In matters of unfair competition, a distinction is traditionally made in French law between disruption (désorganisation) of an undertaking and disruption of the market. The first concerns a particular operator and manifests itself through the use of various processes: the poaching of employees, the appropriation or disclosure of know-how, trade secrets or commercial processes, the disruption of commercial channels (e.g. violation of a distribution network), the creation of a new undertaking under conditions likely to divert customers. The second is aimed at a group of operators who manufacture or market identical or similar products; it results from unfair commercial practices (e.g. resale at a loss, paracommercialism, loss leader pricing) or failure to comply with legal rules. Most of these unlawful processes are now punishable on grounds other than unfair competition.

In practice, the vast majority of disruption cases do not in and of themselves constitute unfair competition. They are characterized as such because the tactics accompanying them constitute an abuse of free and fair competition.

Disruption may result from the creation of a competing undertaking by former members of the undertaking. In application of the principle of freedom of trade and free competition, an undertaking may not claim any proprietary rights over its customers. At the end of their employment contract, ex-employees are free to act as they wish and can compete with their former employer. Former employees can even organize their new activity while still under contract to their employer, as long as they do not actually begin the new business until their employment contract is terminated. On the other hand, an individual’s conduct is wrongful if he or she forms a competing company and starts or carries on business while still employed. Also, a partner of a limited liability company who creates a competing undertaking, contacts other partners to come and work there, and canvasses the clients of the limited liability company in order to divert them to the benefit of his new undertaking, is in breach of his/her duty of loyalty.

The newly created undertaking can canvass its competitor’s customers because canvassing is not in itself an unfair act. On the other hand, canvassing of the competitor’s customers by the undertaking created by a former employee is wrongful when it is systematic or when the departure of customers to the new structure is the result of unfair practices. Indeed, the new undertaking must not use unfair tactics to acquire its customers. Canvassing is unlawful when an undertaking introduces an artificial distortion in the competition between itself and its competitor, whose clientele it seeks to capture for its own benefit. Proof of unfair acts must be adduced however e.g  acts of confusion, disparagement, diverting customers or, as a general rule, any systematic canvassing of the competitor’s customers. Illicit canvassing may also take an indirect form when a company, in violation of Article L. 442-6, I, 4° of the Commercial Code, puts pressure on a department store to move a competitor’s corner stand under threat of breaking off relations or when a former employee takes customers, after the termination of his employment contract, to the benefit of his new employer.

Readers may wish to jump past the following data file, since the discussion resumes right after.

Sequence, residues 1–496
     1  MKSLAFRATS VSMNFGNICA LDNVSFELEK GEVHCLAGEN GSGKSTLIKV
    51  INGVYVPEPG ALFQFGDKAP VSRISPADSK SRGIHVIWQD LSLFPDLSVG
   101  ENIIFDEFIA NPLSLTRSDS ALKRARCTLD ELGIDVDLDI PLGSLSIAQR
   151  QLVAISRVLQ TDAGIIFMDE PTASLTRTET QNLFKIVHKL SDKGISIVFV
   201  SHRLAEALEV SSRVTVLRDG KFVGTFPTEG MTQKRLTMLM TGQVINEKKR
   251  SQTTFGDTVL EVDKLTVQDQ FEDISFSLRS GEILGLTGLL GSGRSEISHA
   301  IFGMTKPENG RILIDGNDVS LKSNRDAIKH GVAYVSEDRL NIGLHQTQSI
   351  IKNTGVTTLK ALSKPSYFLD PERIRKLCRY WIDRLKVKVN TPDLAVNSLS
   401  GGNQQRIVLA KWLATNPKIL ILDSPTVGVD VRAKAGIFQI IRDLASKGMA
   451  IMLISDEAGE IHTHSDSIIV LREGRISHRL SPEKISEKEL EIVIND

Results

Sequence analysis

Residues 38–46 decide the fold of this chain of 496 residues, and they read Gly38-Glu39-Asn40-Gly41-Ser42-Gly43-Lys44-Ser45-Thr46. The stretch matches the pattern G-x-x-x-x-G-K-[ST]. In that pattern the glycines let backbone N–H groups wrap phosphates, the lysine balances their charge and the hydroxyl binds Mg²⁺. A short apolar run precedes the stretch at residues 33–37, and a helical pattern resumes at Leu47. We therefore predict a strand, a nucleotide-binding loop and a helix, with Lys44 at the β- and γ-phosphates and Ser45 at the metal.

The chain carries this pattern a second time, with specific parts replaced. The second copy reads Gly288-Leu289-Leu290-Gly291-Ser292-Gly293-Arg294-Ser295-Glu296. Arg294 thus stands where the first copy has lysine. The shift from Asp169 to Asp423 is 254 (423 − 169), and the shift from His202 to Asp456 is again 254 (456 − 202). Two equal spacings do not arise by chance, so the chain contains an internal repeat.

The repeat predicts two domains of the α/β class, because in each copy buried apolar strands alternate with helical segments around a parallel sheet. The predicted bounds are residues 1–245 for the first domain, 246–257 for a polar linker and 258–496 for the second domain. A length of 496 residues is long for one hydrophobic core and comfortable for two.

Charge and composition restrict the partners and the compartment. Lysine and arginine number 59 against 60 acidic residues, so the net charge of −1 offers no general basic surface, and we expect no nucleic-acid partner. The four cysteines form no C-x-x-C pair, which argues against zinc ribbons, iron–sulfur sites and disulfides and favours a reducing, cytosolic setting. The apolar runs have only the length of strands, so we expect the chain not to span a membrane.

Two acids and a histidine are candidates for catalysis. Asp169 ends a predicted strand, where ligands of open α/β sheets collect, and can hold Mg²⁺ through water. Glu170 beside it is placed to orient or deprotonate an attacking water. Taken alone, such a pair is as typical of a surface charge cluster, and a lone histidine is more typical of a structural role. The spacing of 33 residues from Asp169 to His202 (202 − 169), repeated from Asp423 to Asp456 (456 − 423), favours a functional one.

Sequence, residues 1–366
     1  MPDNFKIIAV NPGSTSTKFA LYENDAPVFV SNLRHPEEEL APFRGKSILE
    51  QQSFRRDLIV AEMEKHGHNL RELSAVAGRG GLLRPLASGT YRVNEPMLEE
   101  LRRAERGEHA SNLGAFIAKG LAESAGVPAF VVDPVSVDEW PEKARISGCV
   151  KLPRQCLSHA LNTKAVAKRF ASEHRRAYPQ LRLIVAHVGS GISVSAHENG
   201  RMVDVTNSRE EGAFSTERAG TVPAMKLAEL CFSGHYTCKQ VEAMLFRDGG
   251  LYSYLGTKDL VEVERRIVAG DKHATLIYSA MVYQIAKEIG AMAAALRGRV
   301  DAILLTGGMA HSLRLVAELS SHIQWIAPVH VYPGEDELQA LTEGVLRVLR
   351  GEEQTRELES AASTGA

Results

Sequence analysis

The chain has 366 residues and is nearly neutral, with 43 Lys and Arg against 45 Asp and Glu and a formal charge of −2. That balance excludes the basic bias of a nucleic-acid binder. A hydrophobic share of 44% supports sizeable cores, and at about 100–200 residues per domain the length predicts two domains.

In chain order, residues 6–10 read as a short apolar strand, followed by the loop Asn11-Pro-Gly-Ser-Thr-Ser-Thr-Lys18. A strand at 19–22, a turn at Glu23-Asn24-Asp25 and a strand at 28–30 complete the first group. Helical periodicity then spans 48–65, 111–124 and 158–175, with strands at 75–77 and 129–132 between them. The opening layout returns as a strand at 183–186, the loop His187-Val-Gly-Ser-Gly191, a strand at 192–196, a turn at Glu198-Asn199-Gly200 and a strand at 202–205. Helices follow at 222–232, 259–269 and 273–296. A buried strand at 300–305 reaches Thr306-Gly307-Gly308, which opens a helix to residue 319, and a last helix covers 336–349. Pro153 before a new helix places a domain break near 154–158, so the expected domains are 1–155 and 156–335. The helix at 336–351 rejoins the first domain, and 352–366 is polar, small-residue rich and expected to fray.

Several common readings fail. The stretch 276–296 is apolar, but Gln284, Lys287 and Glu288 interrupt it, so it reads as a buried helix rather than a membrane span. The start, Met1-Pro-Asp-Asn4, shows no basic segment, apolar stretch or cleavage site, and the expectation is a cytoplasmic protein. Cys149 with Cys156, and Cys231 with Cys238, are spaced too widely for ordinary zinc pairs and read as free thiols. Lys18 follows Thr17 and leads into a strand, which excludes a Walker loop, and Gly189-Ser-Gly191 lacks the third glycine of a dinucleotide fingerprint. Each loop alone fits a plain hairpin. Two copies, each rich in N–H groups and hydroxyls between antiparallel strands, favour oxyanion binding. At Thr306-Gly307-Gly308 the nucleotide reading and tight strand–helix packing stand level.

Disruption may also be the result of acts of misappropriation of trade secrets or know-how or acts tending to disrupt the business, pricing or trademark practices, or, more generally, conduct contrary to regulations. Violating the rules in force constitutes an unfair act of market disruption, as it gives the person circumventing the regulations a competitive edge. According to the Court of Cassation, the violation of the regulations in force creates a distortion of competition, which in itself constitutes an act of unfair competition, without there being any need to prove that the perpetrator of the offending acts benefited from it.

Finally, the disruption of a distribution network may constitute an act of unfair competition. The commercialization of products outside the distribution network does not in itself constitute an act of unfair competition, as long as the supply is regular. On the other hand, parallel sales cease to be viewed with indulgence when they constitute parasitic sales made by non-network resellers who benefit from the investments of the brand without bearing the costs or providing service to the consumer. Article 1240 of the Civil Code applies when a fault that is not related to the sale is attributable to the third party reseller. It is considered that concealing one’s source of supply indicates the illicit nature of the acquisition. In the same way, non-authorized distributors, who obtain their supplies from authorized distributors, through front companies, or in breach of their contractual obligations, commit an act of unfair competition. Any direct or indirect participation in the violation of a prohibition of resale outside the network will incur the liability of the infringer, where the prohibition in question is permitted under competition law (Art. L. 442-6, I, 6º, Commercial Code). An advertisement which misleads the consumer about belonging to the network is also liable to constitute a breach which is not related to the sale.